BWW Review: NEXT FALL at Chapel Off Chapel

BWW Review: NEXT FALL at Chapel Off Chapel

Review by Ian Andrew

Geoffrey Nauffts highly-acclaimed Next Fall is something of a theatrical success story, with the original 2009 production receiving critical praise, an extended Broadway season and a Tony-Award nomination. The play follows the five-year relationship of unlikely couple Adam - a frustrated and neurotic forty-year-old writer and atheist - and Luke, a 20-something year old devout Christian who cannot come out to his parents. Their history is revealed through flashbacks, while in the present Luke fights for life in hospital after an accident and family and friends gather to hold vigil. Perhaps a victim of the reputation that precedes it, this production is only intermittently moving and ultimately it is hard to see what all the fuss is about.

Staged in the Chapel Off Chapel Loft, fledgling set designer James Lew divides the small stage in two with a green curtain to denote the hospital setting, which is drawn open to reveal the apartment set for the flashback scenes. At times, this curtained partition forces the actors problematically far downstage (especially in key plot-revealing scenes such as the Adam-Arlene and Adam-Brandon interactions) however it succeeds in adding a claustrophobic air to the hospital waiting-room setting and facilitates unseen changes in the apartment setting. This is where Lew's design shines, with the apartment beginning as a set of covered furniture and gradually evolving into a home as time and relationship progress. A particularly effective touch was the suspended hospital waiting-room clock with only a second hand, adding to the sense of endless waiting. To accompany scene-changes Claire Healy composes a moody musical score which, while evocative, seems strangely edgy for what is an otherwise comical play.

The actors' performances are generally strong but collectively can be incohesive. Darrin Redgate drives the story forward as an energetic Adam who succeeds in making the character's argumentative and neurotic nature come off as endearing and comical. He is supported by Sharon Davis as an eminently likeable Holly, with a refreshingly naturalistic performance that carries real weight even though her character almost seems an afterthought in the script at times. Paul Robertson as Luke's intensely traditional father Butch and Kaarin Fairfax as troubled mother Arlene both deliver strong performances and each have their moments to shine, especially Fairfax's act two monologue. However scenes involving three or more characters often falter as actors politely take turns delivering lines, making for awkwardly-scripted dialogue at times. James Biasetto's Brandon is a resentful bible-clutching presence that makes little sense until his excellent scene with Redgate in the second act. As the central character to the entire story, Luke's seems surprisingly underwritten and underdeveloped and Mark Davis' overly-subtle portrayal leaves fellow cast with very little to work with and leaves the audience with very little to care about. Despite this, Redgate and Davis' love-story has some wonderful moments, with some of their more mundane interactions such as arguments or dinner-table discussions coming off as the most genuine and moving.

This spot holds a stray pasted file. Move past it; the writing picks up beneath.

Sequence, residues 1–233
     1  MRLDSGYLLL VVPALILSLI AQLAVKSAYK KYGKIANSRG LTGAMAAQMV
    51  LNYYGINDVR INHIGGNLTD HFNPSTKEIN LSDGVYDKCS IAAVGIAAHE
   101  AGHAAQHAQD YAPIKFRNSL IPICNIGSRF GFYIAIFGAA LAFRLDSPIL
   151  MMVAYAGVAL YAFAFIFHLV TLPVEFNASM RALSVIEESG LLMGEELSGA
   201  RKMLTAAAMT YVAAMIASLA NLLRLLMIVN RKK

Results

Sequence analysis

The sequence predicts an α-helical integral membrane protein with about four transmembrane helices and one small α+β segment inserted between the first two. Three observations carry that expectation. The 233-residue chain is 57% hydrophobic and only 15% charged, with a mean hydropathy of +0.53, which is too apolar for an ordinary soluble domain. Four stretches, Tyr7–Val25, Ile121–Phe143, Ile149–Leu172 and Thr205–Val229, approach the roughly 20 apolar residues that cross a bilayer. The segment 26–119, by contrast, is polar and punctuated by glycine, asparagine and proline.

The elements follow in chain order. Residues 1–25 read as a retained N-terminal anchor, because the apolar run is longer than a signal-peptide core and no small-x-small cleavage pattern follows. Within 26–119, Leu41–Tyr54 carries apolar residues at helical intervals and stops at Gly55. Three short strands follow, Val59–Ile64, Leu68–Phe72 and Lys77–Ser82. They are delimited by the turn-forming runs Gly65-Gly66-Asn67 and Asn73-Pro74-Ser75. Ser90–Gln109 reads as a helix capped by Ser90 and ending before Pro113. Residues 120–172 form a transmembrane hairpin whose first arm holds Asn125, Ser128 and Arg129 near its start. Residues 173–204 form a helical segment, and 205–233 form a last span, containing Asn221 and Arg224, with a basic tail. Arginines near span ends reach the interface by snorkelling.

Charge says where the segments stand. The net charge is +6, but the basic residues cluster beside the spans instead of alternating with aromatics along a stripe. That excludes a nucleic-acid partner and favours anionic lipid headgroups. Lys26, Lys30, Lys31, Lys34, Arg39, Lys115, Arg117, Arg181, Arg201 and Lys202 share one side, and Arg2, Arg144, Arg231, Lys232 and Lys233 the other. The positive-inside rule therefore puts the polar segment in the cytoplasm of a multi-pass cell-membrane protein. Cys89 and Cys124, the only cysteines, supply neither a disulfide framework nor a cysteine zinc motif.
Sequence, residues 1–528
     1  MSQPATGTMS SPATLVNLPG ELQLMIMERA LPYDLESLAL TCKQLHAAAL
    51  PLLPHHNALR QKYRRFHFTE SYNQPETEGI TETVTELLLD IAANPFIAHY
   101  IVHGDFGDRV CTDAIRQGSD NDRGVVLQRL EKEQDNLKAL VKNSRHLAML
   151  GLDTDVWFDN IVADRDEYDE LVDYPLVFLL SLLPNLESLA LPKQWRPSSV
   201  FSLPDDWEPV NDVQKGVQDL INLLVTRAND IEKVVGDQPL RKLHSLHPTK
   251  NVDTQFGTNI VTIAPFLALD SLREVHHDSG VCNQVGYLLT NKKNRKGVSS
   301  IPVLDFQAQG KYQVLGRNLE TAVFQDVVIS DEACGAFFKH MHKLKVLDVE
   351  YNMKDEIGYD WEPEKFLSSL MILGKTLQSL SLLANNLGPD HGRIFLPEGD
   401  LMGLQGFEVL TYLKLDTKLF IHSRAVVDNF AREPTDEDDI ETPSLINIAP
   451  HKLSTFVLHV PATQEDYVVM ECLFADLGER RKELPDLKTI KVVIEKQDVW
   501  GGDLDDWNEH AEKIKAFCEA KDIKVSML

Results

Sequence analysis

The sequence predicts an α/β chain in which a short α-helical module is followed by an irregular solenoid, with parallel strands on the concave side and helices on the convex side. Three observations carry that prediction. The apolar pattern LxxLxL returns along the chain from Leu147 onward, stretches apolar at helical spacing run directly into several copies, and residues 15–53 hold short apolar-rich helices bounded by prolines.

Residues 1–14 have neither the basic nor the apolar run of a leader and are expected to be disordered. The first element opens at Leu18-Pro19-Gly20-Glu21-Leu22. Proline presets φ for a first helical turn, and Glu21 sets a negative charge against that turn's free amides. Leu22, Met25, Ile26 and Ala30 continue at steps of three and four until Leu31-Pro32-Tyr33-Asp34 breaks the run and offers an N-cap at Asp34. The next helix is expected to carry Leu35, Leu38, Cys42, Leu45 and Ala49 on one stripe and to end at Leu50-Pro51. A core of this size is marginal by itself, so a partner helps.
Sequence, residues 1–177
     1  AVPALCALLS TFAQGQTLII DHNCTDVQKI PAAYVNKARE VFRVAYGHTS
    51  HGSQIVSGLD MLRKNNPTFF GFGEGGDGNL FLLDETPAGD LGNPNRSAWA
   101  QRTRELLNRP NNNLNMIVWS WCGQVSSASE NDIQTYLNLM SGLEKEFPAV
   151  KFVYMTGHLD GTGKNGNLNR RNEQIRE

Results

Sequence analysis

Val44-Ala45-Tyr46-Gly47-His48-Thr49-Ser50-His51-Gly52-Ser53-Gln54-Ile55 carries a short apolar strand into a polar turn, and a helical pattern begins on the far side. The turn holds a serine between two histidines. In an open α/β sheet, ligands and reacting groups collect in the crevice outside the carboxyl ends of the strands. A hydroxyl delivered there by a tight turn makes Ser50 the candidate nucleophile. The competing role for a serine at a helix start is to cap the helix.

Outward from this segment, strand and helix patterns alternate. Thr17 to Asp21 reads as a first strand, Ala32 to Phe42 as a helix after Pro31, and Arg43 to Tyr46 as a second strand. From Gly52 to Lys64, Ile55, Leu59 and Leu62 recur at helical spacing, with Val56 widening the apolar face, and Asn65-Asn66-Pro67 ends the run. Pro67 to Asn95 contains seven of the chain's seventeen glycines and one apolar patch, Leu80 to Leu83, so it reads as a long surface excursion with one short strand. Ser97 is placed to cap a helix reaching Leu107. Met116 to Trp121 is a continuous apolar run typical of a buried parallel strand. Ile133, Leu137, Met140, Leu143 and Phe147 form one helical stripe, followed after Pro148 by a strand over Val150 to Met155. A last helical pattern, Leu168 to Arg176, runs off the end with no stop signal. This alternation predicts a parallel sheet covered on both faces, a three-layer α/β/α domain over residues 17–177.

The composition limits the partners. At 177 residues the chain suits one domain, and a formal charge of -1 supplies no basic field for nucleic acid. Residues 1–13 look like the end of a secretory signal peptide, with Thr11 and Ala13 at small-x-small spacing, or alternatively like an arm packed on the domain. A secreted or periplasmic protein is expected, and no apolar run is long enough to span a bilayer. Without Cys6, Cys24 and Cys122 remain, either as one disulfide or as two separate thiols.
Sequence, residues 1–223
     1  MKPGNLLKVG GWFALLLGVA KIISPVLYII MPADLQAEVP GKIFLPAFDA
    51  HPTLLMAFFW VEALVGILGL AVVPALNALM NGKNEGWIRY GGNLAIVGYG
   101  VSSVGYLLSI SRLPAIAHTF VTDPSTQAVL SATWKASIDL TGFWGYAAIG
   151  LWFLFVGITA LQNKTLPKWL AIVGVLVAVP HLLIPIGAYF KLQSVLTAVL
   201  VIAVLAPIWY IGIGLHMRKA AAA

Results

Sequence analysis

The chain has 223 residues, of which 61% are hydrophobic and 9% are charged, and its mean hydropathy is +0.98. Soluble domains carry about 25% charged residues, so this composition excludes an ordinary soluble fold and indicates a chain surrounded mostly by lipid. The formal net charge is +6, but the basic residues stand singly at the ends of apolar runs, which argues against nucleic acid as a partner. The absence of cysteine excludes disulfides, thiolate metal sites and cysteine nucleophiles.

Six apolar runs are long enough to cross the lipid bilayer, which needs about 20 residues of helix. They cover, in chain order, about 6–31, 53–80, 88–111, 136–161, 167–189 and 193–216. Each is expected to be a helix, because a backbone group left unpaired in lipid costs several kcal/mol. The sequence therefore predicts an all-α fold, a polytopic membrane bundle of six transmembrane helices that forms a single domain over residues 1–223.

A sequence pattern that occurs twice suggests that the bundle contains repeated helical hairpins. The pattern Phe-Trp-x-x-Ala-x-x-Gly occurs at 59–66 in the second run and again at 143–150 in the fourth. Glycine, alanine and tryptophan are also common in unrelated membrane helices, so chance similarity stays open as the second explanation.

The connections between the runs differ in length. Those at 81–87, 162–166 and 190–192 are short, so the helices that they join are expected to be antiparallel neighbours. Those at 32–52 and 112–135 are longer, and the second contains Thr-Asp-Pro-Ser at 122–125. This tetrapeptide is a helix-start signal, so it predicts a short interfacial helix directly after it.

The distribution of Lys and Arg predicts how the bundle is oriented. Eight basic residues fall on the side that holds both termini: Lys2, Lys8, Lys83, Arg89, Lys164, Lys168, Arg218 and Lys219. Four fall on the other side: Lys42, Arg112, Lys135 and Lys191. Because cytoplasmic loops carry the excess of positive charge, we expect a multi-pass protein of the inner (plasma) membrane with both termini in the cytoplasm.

Awkward group dialogue notwithstanding the individual prowess of the actors is admirable and each has clearly established their character, but by the end it is not clear whose journey we are on, nor exactly what the point of the journey was. Unfortunately this is either where the production ultimately falls short, or (depending on director Peter Blackburn's intentions) where it succeeds the most. Love does not triumph, no one appears to be meaningfully redeemed; ultimately very little seems to change. But when we consider that the content of the play is just as relevant today as it was in 2009, perhaps that's entirely the point.


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